Puerto Rico became the latest corner of US to adopt a medical marijuana law, with the territory’s governor on Sunday signing a bill that legalizes and regulates the plant for medical use.
Gov. Ricardo Rosselló signed the Law to Improve the Study, Development and Research of Cannabis for Innovation, Applicable Norms and Limits (MEDICINAL Law). The territory’s previous administration signed an executive order in 2015 to legalize medical cannabis, but Rosselló said that move was insufficient.
“The previous administration ignored the legislative process and, following an executive order, promulgated a regulation without due discussion with all sectors and representatives elected by the people,” he said after signing the bill, adding that those who doubted legalization could gain traction in the legislature were “wrong.”
“As a scientist, I know firsthand the impact that medicinal cannabis has had on patients with various diseases.”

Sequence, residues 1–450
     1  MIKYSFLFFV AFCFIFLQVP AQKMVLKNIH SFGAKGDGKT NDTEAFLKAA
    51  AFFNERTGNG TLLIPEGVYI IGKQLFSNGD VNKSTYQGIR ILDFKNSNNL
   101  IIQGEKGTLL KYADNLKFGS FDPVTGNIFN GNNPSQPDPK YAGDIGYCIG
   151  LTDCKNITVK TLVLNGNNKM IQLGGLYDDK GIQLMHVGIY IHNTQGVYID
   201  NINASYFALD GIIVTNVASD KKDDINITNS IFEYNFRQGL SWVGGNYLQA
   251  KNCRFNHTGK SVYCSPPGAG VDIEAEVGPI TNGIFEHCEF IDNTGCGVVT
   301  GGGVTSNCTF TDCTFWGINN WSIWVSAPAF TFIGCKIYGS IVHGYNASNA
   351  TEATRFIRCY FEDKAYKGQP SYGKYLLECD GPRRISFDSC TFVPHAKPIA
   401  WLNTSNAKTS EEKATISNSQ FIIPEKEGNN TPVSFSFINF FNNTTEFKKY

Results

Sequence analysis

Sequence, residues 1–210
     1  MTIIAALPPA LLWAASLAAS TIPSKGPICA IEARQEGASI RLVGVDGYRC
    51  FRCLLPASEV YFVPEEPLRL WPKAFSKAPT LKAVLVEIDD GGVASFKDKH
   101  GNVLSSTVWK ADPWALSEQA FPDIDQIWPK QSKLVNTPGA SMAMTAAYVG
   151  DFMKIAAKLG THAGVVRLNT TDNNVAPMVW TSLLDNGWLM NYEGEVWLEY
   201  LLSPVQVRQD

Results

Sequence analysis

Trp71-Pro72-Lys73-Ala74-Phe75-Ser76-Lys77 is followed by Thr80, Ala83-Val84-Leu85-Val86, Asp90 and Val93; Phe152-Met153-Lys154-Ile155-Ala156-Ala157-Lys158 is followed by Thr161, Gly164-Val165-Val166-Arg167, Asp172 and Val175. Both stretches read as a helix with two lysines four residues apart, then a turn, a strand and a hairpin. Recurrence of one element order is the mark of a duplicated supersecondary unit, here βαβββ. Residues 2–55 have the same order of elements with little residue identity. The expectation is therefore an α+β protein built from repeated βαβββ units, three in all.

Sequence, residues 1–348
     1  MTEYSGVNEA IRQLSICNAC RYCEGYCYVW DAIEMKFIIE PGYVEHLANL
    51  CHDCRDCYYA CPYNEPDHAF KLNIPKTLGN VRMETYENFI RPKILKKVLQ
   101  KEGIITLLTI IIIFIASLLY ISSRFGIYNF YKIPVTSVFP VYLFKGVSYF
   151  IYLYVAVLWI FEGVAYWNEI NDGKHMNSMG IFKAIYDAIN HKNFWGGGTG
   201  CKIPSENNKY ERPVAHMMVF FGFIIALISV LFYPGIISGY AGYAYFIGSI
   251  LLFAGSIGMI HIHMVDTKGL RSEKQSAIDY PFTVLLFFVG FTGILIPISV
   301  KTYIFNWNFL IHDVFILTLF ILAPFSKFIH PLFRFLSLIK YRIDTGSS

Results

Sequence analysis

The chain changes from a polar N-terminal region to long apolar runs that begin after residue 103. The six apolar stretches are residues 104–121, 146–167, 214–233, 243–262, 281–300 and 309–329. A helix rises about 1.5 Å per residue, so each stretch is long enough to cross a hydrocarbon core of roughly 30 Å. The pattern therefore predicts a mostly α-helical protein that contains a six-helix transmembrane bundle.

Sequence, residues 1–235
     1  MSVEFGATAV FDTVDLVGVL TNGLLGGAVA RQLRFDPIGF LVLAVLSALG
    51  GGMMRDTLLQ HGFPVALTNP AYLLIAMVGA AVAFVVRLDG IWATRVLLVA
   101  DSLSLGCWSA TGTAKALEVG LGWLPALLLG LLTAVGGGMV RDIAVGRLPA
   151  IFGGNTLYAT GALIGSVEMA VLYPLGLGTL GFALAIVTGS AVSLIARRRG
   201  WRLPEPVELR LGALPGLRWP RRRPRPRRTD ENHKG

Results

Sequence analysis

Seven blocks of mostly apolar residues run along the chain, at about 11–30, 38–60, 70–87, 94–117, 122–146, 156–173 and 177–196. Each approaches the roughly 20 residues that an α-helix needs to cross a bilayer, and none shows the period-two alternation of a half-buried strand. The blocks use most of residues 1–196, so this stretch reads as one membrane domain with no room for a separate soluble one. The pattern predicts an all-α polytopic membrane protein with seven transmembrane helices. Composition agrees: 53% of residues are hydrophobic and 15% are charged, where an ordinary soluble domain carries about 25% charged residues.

“Since this administration began, we have been working to create an effective legal framework for patients and the medical cannabis industry, by legislation and with the input of all experts in the field,” he continued. “This advanced legislation recognizes medical cannabis as an alternative medical treatment, while maintaining all safeguards to protect the general public.”
Rosselló, who was a scientist before becoming Puerto Rico’s governor, said he believes the law does addresses an important public health issue. He studied biomedical engineering and economics at the Massachusetts Institute of Technology and earned a PhD in biomedical engineering from the University of Michigan. He later did research at Duke University, focusing on stem cell research.
“As a scientist, I know firsthand the impact that medicinal cannabis has had on patients with various diseases,” he said. “The time has come for Puerto Rico to join the flow of countries and states that have created similar legislation.”
The new law will also steer tax revenue toward health care. Medical cannabis sales will incur a sales and use tax (IVU), of which 10% will go to the Trauma Hospital of the Rio Medical Center Stones.
At the signing event, Rosselló was reportedly joined by the Board of Directors of the Puerto Rico Medical Cannabis Association as well as several relatives and patients who use cannabis as treatment.